Tuesday, February 1, 2011

Forwarding the serial port to the net

This section will discus reading the serial port and forwarding the content to a socket and vise versa in C++.  I will be using specific api from win32 so it will not build in linux.  If I ever see interest on getting it working on linux, I will write one for linux.  I will only cover briefly the socket information since there are so many in depth tutorials out there.

For starters we will need to create a new visual studio console application project.  This is pretty basic and could be different from version so I will assume you can do this on your own. I will be using visual studio 2010
Now that we have our applications, we need to include the following.
#include <stdio.h>
#include <winsock.h>
#include <Windows.h>
I read that some people have trouble with the linker depending on the order of the include.  This order worked for me.  I also put the includes in my precompiled header (stdafx.h).

we also need to include the lib file so the linker knows where to get the functions from.
simply add #pragma comment(lib, "Ws2_32.lib") after all your includes

Setting up the the socket
the first thing we need to add before using any winsoc, is WSAStartup.  It takes a version number as a parameter (we are using version 2) and a struct that will be use by its internals.
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WSAData wsaData;
if ( WSAStartup(MAKEWORD(2,0), &wsaData))
    printf("could not load WSAStratup");
    return -1;
Now we need to prepare our connection information.  We will use the sockaddr_in to store all the information needed for the socket.  There are a couple different types of sockaddr but for IPv4 sockaddr_in is the one we use. 
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The inet_addr function converts an IP string to a long used by winsock.
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and the htons converts the windows byte order to the network byte order as some system have different byte orders.
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SOCKET hSocket;
sockaddr_in addrInfo;

addrInfo.sin_family = AF_INET;
addrInfo.sin_port = htons(80);  /http port
addrInfo.sin_addr.S_un.S_addr = inet_addr("");  //Google's IP adress

Now that we have all our information we need to create the socket and connect it.
we create the socket with the socket function. This function takes 3 parameters.
First we specify that the address is a IPv4 adress,  we what stream socket (goes in hand with tcp) as opposed to a data gram and we want to use TCP protocol.
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The connect takes the newly created socket and the addrInfo we created just 1 step before.

if (hSocket==INVALID_SOCKET)
        EXIT("can't create Socket\n");
 if (connect(hSocket, (sockaddr*)(&addrInfo), sizeof(addrInfo))!=0)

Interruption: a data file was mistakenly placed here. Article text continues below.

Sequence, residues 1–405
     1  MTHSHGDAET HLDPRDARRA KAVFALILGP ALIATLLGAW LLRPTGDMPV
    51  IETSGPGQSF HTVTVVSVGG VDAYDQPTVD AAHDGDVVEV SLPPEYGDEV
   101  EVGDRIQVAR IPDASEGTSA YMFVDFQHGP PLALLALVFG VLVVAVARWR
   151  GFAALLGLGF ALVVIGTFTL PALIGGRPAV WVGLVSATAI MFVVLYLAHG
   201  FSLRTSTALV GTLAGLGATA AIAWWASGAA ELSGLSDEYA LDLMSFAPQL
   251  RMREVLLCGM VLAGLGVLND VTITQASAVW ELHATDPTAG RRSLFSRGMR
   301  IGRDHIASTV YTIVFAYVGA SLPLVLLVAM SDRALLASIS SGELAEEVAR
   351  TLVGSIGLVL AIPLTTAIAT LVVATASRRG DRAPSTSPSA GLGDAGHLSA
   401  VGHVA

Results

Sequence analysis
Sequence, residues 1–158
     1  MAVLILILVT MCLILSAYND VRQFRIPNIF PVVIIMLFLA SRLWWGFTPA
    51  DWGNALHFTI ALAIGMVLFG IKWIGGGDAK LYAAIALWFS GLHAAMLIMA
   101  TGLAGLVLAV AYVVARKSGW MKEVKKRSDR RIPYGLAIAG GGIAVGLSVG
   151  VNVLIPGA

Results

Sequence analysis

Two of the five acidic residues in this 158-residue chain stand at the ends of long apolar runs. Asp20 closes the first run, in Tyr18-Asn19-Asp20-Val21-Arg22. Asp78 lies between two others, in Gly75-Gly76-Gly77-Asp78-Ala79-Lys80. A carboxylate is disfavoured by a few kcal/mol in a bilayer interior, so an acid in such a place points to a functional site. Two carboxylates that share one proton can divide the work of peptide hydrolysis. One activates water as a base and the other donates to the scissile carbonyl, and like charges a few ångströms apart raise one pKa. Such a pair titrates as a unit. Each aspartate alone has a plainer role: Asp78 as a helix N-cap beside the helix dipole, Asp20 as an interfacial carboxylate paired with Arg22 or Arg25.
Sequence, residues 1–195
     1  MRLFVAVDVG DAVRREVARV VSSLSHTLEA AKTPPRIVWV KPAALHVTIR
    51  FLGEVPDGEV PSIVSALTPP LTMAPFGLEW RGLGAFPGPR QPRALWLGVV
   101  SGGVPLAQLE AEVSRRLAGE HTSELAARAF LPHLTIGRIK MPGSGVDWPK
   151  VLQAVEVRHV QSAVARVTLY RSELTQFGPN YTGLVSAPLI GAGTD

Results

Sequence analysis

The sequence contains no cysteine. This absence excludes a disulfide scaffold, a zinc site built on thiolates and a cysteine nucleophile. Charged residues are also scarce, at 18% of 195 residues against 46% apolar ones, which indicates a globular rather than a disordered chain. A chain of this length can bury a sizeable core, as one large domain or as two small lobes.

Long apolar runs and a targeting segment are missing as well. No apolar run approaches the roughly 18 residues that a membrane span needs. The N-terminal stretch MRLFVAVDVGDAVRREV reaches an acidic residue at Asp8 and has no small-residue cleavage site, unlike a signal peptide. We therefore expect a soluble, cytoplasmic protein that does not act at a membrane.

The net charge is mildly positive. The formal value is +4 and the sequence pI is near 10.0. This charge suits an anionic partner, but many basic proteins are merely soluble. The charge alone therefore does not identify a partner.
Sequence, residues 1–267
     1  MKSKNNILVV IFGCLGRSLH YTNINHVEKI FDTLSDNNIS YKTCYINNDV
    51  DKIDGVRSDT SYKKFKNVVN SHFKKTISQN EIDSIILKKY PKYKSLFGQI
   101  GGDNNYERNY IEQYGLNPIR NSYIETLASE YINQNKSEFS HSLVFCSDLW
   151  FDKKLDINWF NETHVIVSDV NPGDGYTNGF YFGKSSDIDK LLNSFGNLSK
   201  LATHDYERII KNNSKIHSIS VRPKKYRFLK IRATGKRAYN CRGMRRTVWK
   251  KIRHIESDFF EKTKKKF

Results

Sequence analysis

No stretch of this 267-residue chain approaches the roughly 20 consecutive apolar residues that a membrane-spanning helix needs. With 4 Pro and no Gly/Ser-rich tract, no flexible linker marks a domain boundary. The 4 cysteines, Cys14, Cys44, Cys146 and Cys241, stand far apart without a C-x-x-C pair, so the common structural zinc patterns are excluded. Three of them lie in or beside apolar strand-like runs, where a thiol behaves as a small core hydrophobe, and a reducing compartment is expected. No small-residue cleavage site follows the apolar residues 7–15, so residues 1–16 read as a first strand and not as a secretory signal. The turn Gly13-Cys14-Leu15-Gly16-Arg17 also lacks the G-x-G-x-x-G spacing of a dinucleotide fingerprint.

EXIT("can't connect\n");

Finaly I added this line so that when I read from the socket it does not block untill data is received

Setting up the Serial port
We will open the serialport using the function CreateFile.  The file that we will use is COM# where the # is the number of the comport.  For now I will use COM1.  We will also be using a struct called DCB.  This struct contains information about the serial port configurations that we will use.  Note that these settings must match with those used with you STM32 Discovery
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We will also use the function SetCommState.  This function simply applies the new settings.
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HANDLE hSerial;
//Comm settings
DCB serialInfo = {0};
SetCommState(hSerial, &serialInfo);

The Loop
Now we simply need to read from the serial port and send it to the net and then read from the net and send it to the serial port.  We will use ReadFile and WriteFile to read an write to the serial port. We will pass the following parameter. the handle to the Serial port, the pointer to the buffer, the size of the buffer or the content and the address to a variable that will contain the number of bytes sent or read.  we set the last parameter to null since it only used if you need to share access to the file and we don't.

We will be using recv and send to read and write to our socket.  These functions take similar parameters except instead of passing the adress to a variable to know how many byte were read or sent, it is return.

here is my loop
char* readbuffer = new char[READ_BUFFER_SIZE];
char* writebuffer = new char[BUFFER_2_SIZE];
DWORD readlen = 0, bytesLeft = READ_BUFFER_SIZE;
int writelen = 0;
    //reset the variables
    readlen = 0;
    writelen = 0;
    //read data from serial port
    //was there actual data read?
        //send the bytes to the serial port
        bytesLeft = readlen;
            //did we send all the byte?
            bytesLeft -= send(hSocket,readbuffer+(readlen - bytesLeft),bytesLeft,0);
    //read the data from the net
    writelen = recv(hSocket,writebuffer,WRITE_BUFFER_SIZE,0);
    //did we receive any thing?
        bytesLeft = writelen;
        while(bytesLeft)  //did we send every thing to the serial port?
            DWORD byteSent = 0;
            //send to the serial port
            WriteFile(hSerial,writebuffer + (writelen - bytesLeft),bytesLeft,&byteSent,0);
            bytesLeft -= byteSent;
    else if(writelen < 0)
        //we go an error we can ignore it if err == WSAEWOULDBLOCK
        long err = WSAGetLastError ();

    if(writelen > 0 && readlen == 0)
}while(writelen); // the socket is closed

now if you run this and you run your STM32 Dsicovery,  what ever you send to serial will then be sent to (google in this example) the net.  Try doing a http get and get this page?

Next I will be posting on how to get HTTPS working on the stm32 Discover using this as your connection.
I will also discuss what else you can use to connect to the internet

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